Friday, September 10, 2010

What's Wrong with the Juries?

So, what has happened to the jury system? The Framers adopted the common law jury as something essential to be installed in our Constitution, because they believed that the best safety we had from our government was that liberties could not be taken by government without the say-so of a group of neutral citizens. And those citizens were to be skeptical of their government, which was the real meaning of proof beyond a reasonable doubt and of the burden lying with the government, before liberty could be stolen. And the jury, constitutionally, could adjudge the facts and the law – jury nullification was and is a vital fixture in the firmament of our rights. Of course, judges now, being jealous of becoming irrelevant if the jury makes judgments about the law, will not permit nullification arguments and will shriek that the jury can only assess the facts, not the law. But the jury has the constitutional power to nullify prosecutions by disagreement with the law and with how it is implemented in any particular case, and nothing the judiciary can shriek about such undermines that power. The Framers gave it and the judiciary cannot take it away.

But notwithstanding the importance of the jury in protecting people’s rights, juries increasingly cleave to the government. Juries, during the voir dire process, will claim that they do not believe everything government says, they do not think cops are telling the truth just because they are cops, and they know the defendant is not guilty unless or until they find otherwise, and to the requisite level of proof. However, they smile and nod when a shiny-badged cop says things, and look askance when defense witnesses say things, and forget that the government has an agenda in all cases which could well result in untruths being told. But they just don’t want to believe this cop is lying or shaving the truth; they know it happens elsewhere, but…, oh, just not here!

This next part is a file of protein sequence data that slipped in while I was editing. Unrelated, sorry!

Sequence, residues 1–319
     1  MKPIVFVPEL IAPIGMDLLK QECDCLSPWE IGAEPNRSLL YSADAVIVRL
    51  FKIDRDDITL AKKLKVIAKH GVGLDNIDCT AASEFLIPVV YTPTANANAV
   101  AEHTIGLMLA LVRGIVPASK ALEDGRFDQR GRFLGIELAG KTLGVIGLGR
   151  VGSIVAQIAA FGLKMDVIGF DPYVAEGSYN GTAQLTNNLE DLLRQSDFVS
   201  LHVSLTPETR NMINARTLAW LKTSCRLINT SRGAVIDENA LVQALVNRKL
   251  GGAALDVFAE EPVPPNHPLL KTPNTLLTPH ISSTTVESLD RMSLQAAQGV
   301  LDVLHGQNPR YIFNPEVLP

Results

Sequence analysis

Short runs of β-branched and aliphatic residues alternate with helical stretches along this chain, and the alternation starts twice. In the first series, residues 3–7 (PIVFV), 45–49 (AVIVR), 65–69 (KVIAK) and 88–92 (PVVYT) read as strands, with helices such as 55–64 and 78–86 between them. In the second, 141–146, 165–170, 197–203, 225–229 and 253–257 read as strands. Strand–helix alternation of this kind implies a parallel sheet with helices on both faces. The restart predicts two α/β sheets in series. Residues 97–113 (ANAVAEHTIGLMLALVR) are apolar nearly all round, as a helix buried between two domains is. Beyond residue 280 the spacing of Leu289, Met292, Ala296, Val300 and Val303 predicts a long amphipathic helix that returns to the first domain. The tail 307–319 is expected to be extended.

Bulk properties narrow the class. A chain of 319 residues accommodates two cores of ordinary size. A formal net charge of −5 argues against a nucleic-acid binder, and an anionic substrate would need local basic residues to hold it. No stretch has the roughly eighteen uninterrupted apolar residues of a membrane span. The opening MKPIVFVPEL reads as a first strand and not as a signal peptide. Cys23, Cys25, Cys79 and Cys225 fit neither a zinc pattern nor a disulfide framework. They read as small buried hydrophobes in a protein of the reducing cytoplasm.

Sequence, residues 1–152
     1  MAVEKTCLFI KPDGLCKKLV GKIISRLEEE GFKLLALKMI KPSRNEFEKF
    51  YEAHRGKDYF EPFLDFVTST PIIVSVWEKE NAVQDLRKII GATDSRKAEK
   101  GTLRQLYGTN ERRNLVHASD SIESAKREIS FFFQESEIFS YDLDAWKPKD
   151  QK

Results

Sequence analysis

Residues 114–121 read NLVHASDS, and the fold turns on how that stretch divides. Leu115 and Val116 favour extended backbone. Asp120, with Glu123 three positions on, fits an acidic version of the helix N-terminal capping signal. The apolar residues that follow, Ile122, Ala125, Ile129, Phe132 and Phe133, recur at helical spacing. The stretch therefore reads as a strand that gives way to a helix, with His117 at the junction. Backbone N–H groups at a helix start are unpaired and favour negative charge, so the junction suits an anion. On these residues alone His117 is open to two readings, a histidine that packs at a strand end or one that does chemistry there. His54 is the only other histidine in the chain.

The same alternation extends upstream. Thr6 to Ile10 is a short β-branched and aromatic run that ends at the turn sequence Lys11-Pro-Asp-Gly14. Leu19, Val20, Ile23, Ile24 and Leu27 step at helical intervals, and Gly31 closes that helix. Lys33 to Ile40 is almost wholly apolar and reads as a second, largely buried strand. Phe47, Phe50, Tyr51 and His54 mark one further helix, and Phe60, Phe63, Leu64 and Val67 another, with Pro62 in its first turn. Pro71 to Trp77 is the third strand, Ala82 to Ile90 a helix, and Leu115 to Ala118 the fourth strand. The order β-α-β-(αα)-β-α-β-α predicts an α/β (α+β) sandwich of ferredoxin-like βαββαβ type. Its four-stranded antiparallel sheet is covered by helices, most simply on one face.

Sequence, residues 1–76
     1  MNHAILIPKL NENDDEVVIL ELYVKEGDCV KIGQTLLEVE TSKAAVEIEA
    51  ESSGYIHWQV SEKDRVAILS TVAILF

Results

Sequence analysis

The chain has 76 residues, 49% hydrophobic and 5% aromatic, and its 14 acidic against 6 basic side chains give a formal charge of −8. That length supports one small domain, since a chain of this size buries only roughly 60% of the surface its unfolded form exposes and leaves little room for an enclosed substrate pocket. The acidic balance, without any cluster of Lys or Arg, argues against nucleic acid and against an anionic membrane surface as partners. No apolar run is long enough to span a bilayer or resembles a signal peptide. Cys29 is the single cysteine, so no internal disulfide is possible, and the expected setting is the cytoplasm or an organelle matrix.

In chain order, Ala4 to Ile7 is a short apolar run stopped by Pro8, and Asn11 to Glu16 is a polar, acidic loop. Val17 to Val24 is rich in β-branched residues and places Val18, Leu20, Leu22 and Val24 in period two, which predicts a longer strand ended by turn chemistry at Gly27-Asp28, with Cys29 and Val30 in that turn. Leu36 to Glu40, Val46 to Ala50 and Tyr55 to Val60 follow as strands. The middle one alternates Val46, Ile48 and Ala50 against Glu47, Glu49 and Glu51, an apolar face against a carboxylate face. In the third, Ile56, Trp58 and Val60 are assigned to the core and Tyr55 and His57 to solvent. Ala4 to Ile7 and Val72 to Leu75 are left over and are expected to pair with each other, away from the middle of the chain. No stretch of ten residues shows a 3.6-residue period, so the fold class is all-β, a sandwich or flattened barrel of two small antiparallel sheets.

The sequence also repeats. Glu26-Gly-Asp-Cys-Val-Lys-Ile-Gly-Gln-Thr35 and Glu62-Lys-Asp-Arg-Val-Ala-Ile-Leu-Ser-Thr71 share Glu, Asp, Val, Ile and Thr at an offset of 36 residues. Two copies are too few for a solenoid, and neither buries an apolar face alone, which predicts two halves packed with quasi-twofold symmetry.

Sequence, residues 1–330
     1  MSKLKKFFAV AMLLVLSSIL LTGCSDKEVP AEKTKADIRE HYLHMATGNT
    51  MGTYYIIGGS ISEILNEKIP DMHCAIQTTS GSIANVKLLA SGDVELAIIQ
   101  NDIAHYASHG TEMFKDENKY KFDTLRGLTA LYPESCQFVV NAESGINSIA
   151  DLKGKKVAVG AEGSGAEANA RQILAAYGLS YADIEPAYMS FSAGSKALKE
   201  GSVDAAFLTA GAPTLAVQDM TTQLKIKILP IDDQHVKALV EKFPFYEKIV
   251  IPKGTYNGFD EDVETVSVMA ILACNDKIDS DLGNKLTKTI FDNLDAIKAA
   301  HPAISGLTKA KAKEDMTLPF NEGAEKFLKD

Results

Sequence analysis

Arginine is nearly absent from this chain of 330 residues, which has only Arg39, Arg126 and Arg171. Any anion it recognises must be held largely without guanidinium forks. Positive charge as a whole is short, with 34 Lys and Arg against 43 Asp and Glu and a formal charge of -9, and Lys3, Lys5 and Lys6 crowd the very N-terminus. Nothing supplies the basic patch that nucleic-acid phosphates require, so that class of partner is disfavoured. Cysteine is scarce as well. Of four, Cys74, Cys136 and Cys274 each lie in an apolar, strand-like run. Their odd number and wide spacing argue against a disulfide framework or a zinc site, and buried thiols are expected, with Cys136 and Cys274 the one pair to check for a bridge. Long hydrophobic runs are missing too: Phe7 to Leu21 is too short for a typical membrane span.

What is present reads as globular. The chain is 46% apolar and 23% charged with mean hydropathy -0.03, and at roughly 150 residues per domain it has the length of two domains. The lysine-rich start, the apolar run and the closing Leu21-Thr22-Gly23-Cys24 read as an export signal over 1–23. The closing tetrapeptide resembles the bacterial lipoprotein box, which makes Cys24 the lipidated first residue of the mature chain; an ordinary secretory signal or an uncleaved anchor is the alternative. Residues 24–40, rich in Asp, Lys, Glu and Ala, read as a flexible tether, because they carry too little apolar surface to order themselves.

Wow, we are tossing into the ash can one of the great constitutional protections we have, and we are thereby dissolving into just another banana republic police state. We weep when we muse that our boys and girls are dying in distant lands to protect our rights here, but we are utterly oblivious to the rights they are dying for, and while they protect them over there, we tear them up over here.
Every time a juror blindly believes their beloved cops, or the government position, against contradictory evidence [or even without contradictory evidence!], they sully the memories of the founding fathers who long ago died for us here, and of the young kids who are still doing so over there. For shame, for shame.

First they came for the murderers, with insufficient evidence, and I did not vote not guilty, because I was not a murderer.

Then they came for the kidnappers, with insufficient evidence, and I did not vote not guilty, because I was not a kidnapper.

Then they came for the drunk drivers, with insufficient evidence, and I did not vote not guilty, because I was not a drunk driver.

Then they came for me, with insufficient evidence, and there was no one left with courage to vote not guilty.

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